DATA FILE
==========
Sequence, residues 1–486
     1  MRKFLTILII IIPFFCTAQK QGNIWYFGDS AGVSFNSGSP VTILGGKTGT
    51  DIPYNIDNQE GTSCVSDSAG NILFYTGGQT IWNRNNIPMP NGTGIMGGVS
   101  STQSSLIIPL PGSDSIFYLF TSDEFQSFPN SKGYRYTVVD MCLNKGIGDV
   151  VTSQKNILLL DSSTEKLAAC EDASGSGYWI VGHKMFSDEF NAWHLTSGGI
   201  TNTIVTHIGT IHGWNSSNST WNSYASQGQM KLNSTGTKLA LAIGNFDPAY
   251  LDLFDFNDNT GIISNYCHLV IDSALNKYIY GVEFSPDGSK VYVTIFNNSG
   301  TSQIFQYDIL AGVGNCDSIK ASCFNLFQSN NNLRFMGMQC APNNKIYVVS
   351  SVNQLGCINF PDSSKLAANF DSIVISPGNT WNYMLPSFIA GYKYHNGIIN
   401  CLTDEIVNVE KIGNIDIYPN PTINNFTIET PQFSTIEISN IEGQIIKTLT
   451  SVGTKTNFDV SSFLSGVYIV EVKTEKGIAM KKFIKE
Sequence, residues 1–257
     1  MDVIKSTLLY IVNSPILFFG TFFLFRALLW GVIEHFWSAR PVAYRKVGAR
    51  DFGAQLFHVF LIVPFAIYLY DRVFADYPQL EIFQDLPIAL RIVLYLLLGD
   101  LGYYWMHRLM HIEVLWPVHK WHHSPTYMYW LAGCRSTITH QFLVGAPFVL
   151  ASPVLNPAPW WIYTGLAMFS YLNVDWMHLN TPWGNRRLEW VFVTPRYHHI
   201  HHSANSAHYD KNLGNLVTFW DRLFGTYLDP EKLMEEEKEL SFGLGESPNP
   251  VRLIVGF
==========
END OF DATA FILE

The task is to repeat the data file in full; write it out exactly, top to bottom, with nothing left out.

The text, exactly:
Sequence, residues 1–486
     1  MRKFLTILII IIPFFCTAQK QGNIWYFGDS AGVSFNSGSP VTILGGKTGT
    51  DIPYNIDNQE GTSCVSDSAG NILFYTGGQT IWNRNNIPMP NGTGIMGGVS
   101  STQSSLIIPL PGSDSIFYLF TSDEFQSFPN SKGYRYTVVD MCLNKGIGDV
   151  VTSQKNILLL DSSTEKLAAC EDASGSGYWI VGHKMFSDEF NAWHLTSGGI
   201  TNTIVTHIGT IHGWNSSNST WNSYASQGQM KLNSTGTKLA LAIGNFDPAY
   251  LDLFDFNDNT GIISNYCHLV IDSALNKYIY GVEFSPDGSK VYVTIFNNSG
   301  TSQIFQYDIL AGVGNCDSIK ASCFNLFQSN NNLRFMGMQC APNNKIYVVS
   351  SVNQLGCINF PDSSKLAANF DSIVISPGNT WNYMLPSFIA GYKYHNGIIN
   401  CLTDEIVNVE KIGNIDIYPN PTINNFTIET PQFSTIEISN IEGQIIKTLT
   451  SVGTKTNFDV SSFLSGVYIV EVKTEKGIAM KKFIKE
Sequence, residues 1–257
     1  MDVIKSTLLY IVNSPILFFG TFFLFRALLW GVIEHFWSAR PVAYRKVGAR
    51  DFGAQLFHVF LIVPFAIYLY DRVFADYPQL EIFQDLPIAL RIVLYLLLGD
   101  LGYYWMHRLM HIEVLWPVHK WHHSPTYMYW LAGCRSTITH QFLVGAPFVL
   151  ASPVLNPAPW WIYTGLAMFS YLNVDWMHLN TPWGNRRLEW VFVTPRYHHI
   201  HHSANSAHYD KNLGNLVTFW DRLFGTYLDP EKLMEEEKEL SFGLGESPNP
   251  VRLIVGF